The island of Borneo comprises territories of three countries: Indonesia, Malaysia and Brunei. A giant smelting plant is located on the island in the Malaysian state of Sarawak. The plant is approximately one kilometer long, facing the South China Sea, with buildings on a large lot of land the size of five Tokyo Domes. The Bintulu plant is Press Metal Berhad’s flagship plant for aluminum smelting.
The plant was built in 2012. A new line was added to the site in 2015, and the facility currently has an aluminum smelting capacity of 640,000 tons per year. Another plant in Sarawak, the Mukah plant, brings the combined annual smelting capacity to 760,000 tons. This is one of the largest capacities of any aluminum smelting facility in Southeast Asia.
Sumitomo Corporation has an equity stake in this aluminum smelting project.
Aluminum is a relatively new material, with the smelting process having been established in the 1880s. In addition to being very strong and rust-resistant, it is also easy to process and has high thermal conductivity. As a result, it quickly became established in a broad range of industries and in many aspects of people’s daily lives. Today, it is the metal with the largest demand after steel.
In recent years, aluminum has also attracted attention for its lightweight and recyclable qualities. It is about one-third the weight of steel, and the amount of energy required for recycling is roughly 2% of that used in smelting. Increasing the proportion of aluminum used in an automobile, for example, reduces the car’s weight and increases fuel efficiency. In addition, used aluminum can be repeatedly recycled and reused. The Japanese Ministry of Economy, Trade and Industry has designated aluminum as a resource that supports a recycling-oriented society.
That is not all. The importance of aluminum as a strong and lightweight material is likely to grow even more in the future, in new industrial sectors like space development and robot manufacturing, and for the construction of taller buildings as the world becomes increasingly urbanized. Aluminum can be regarded as the material that will create the future.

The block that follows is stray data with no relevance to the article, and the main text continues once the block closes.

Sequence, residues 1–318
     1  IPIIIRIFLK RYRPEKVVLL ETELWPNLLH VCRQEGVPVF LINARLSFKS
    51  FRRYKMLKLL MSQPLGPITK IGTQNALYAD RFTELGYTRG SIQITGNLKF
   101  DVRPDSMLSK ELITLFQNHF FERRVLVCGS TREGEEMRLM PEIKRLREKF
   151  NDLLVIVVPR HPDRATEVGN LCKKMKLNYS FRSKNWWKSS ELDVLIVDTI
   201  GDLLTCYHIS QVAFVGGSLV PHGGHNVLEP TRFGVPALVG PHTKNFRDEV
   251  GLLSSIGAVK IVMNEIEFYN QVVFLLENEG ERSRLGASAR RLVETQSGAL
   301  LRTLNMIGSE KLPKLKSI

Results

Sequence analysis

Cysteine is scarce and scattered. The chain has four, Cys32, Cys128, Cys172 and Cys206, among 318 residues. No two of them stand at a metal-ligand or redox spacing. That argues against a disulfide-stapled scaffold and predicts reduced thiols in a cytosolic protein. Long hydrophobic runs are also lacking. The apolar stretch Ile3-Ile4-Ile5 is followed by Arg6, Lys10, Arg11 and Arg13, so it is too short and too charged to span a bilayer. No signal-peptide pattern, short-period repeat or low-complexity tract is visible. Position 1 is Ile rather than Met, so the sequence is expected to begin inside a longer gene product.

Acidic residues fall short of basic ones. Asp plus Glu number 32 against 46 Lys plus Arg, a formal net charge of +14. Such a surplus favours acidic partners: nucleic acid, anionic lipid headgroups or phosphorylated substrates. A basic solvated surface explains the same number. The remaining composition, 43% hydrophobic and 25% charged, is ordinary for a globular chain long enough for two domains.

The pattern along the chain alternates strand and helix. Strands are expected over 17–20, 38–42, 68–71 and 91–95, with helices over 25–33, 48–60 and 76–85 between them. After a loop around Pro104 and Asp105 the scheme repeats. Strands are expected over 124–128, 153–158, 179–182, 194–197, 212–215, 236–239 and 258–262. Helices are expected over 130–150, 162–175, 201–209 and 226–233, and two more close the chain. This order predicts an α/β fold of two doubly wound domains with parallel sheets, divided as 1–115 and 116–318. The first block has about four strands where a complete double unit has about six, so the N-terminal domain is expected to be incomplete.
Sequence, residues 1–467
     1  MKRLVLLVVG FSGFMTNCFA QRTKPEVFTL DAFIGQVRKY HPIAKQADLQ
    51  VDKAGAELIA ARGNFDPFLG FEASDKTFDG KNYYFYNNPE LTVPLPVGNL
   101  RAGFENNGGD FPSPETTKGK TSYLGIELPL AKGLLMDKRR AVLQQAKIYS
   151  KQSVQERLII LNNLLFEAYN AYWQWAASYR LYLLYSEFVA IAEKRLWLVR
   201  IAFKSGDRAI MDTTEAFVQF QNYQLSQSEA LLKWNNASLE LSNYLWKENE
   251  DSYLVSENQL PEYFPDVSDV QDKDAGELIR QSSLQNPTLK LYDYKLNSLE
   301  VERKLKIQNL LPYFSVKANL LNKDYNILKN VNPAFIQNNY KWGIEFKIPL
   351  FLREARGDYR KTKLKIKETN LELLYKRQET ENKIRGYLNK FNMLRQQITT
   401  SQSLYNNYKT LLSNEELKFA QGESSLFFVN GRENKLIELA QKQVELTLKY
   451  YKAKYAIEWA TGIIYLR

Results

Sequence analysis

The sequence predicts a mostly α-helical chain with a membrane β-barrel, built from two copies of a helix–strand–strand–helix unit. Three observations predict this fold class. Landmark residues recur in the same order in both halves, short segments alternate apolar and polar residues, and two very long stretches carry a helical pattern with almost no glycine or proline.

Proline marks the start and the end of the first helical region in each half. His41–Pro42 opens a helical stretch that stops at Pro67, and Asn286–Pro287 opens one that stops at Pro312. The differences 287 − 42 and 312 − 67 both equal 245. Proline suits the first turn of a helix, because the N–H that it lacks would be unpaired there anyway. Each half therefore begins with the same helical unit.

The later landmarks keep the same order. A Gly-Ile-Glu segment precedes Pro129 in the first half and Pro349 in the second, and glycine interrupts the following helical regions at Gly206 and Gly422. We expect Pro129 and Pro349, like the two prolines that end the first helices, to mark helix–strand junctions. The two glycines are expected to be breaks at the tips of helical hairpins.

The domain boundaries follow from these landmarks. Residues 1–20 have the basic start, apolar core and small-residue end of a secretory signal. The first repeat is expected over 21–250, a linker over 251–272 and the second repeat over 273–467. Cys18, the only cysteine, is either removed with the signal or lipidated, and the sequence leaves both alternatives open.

Hayakawa joined Sumitomo Corporation in 1991. He initially worked in the division handling precious metals including gold, silver, and platinum, and has a wealth of experience in raw materials trading and domestic sales. After language studies in China and working on an aluminum smelting project in Australia, he returned to the Tokyo head office roughly six years ago. "In addition to investment and finance, the business in Malaysia is supported by specialist divisions like insurance and electric power. Many people in the company have played an important role in supporting the business. Being able to draw on such deep resources is Sumitomo Corporation’s great strengths."
Sumitomo Corporation became involved in aluminum-related businesses in the 1970s. At first, this involved importing aluminum for use in Japan, and exporting aluminum products made by Japanese manufacturers. Trading was the main aluminum-related business, but this business model has changed over the past decade.
"We realized that with the passage of time, many plants involved in aluminum processing were moving overseas, and that we needed to shift the focus of our business overseas as well. In the process, it became necessary to go beyond trading and to increase our investment in aluminum manufacturing projects," says Kazuki Hayakawa of the Light Metals & Products Business Department.
The project with Press Metal Berhad (PMB), Malaysia’s largest aluminum producer, began in 2010 as part of Sumitomo’s investment in this business.
PMB was originally an aluminum extrusion company that operated in Malaysia and China, engaged in producing long, thin processed materials by extruding cylindrical aluminum billet through a die. Prior to this project, Sumitomo Corporation sold aluminum metal to PMB as a raw material.
In 2009, PMB set up a new company, Press Metal Sarawak Sdn. Bhd. (PMS), in the Malaysian state of Sarawak to launch an aluminum smelting business, which is a further upstream process in aluminum manufacturing. Sumitomo Corporation took a 20% equity stake in PMS in 2010, marking the beginning of a partnership that continues today.